Snowy 2.0, new Tasmanian connector to deliver fresh opportunities for solar


The ‘duck curve’ is well understood in electricity markets with growing solar PV generation. Behind the meter solar depresses electricity demand during the middle of the day, while large scale PV achieves peak generation at the same time. It depresses mid-day wholesale electricity, and can push them into negative territory.

With Aussie rooftop solar installations continuing to take place at record levels in 2019, building on a record-breaking 2018, and a large scale project pipeline showing few signs of slowing, the duck curve is set to undermine the business case for new PV capacity additions.

Unless, of course, daytime demand increases, or coal generation retirements take place earlier than originally anticipated.

New interconnection projects and expanded pumped hydro capacity on the National Electricity Market (NEM) could alleviate the duck curve quandary facing large scale PV developers – and both have received a boost from the federal government today.

“Over the long term its good news for solar,” says Tristan Edis from Green Energy Markets.

Prime Minister Scott Morrison, not environment minister Melissa Price, announced today that the government has committed $1.38 billion for the Snowy 2.0 pumped hydro expansion, in the form of a project equity investment. The government says the project will create an additional 2 GW of pumped hydro capacity, or 175 hours of storage capacity.

The Snowy 2.0 plan would create 800 MW of ‘uphill’ pumping capacity – potential demand for New South Wales and Victoria solar farms.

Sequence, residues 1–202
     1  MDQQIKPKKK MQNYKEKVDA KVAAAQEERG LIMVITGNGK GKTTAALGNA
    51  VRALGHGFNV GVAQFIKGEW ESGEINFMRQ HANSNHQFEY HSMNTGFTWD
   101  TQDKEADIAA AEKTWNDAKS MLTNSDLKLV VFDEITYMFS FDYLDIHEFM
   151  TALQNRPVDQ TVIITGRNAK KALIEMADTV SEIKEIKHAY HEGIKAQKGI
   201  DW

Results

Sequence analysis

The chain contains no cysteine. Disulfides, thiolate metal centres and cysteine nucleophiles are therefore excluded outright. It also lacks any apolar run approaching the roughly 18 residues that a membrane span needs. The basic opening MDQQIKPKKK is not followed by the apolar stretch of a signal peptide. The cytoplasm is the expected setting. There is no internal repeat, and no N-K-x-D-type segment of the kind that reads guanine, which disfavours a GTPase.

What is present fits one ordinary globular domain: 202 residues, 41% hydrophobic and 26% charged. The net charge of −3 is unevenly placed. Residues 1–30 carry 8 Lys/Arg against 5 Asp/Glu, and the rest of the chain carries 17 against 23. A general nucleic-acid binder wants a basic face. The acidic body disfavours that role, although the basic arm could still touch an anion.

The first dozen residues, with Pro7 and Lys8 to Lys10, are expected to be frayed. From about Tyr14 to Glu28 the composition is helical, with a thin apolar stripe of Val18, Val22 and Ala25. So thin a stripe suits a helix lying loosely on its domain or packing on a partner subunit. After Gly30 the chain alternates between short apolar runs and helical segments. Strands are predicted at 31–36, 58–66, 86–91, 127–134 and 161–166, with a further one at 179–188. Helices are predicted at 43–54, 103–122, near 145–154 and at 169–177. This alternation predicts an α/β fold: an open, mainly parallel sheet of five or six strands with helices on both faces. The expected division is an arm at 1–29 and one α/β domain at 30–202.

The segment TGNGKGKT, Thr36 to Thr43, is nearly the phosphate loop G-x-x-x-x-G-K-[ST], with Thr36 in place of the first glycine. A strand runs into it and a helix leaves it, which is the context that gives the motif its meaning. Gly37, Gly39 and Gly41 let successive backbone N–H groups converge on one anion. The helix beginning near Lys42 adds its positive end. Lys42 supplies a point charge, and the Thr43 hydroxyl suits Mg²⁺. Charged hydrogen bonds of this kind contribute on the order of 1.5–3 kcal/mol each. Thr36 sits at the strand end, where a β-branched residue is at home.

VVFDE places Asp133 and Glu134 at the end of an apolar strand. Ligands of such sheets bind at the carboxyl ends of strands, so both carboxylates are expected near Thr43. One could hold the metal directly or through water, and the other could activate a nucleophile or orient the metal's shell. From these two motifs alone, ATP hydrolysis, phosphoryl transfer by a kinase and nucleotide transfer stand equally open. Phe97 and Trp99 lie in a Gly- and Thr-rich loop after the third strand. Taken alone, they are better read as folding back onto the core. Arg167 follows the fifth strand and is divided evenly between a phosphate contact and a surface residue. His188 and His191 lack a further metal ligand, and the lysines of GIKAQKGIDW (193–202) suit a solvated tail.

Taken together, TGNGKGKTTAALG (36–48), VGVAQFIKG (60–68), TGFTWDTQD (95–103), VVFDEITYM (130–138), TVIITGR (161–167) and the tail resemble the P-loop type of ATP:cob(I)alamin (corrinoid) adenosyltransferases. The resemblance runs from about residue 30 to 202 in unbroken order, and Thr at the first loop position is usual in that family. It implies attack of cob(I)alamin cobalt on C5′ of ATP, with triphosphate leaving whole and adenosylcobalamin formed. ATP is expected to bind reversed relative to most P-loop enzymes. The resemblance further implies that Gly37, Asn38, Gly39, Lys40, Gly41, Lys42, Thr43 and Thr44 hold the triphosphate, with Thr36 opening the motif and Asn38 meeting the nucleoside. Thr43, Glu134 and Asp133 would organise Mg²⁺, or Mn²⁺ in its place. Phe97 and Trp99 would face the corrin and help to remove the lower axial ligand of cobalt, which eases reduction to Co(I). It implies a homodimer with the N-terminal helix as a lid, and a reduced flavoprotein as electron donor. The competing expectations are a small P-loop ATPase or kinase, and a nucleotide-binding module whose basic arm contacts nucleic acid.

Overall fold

The government is also supporting a second 600 MW high voltage interconnection between Tasmania, and its hydro resources, to the mainland – as a part of the state’s Battery of the Nation program. While the $56 million in support is small change on a project ARENA anticipates will cost between $1.3 – $1.7 billion, the Marinus Link’s business case is predicated on early coal generation retirements – which itself would deliver a considerable boost to large scale solar opportunities.

It is unlikely that Snowy 2.0 and the Marinus Link both go ahead, as they are competitive projects rather than complementary – but both point to a brighter future for PV.

Green Energy Markets’ Edis believes that the continued rapid growth of Australian large scale solar only makes financial sense in the event of three scenarios: Snowy 2.0 comes online creating additional daytime demand, existing coal generators exit the market sooner than expected, or that rapid cost reductions occur in large scale battery storage – below prices around $500/kWh, which are being currently reported in the market.

“Without one of these taking place it’s pretty “gutsy” for equity investors to continue to back large scale solar projects,” Edis told pv magazine Australia.

“Both the Snowy expansion and Hydro Tas. interconnector should create substantial additional demand in the middle of the day which will help relieve depressed electricity prices at those times.”

The business case for the second Tasmanian interconnector, as assessed by the ARENA-backed study, pencils out in the 2020s in light of not only some early coal generation closures, but a massive 7 GW of generation exiting the market, Edis notes.

“That’s almost all of NSW coal generating capacity once you take out Liddell [2 GW power station],” Edis observes.

In announcing support for the Snowy 2.0 project, Prime Minister Morrison said: “It is absolutely fair dinkum power. It doesn’t get more fair dinkum than this. This is fair dinkum! 100 per cent!”

Just don’t ask existing coal generators.

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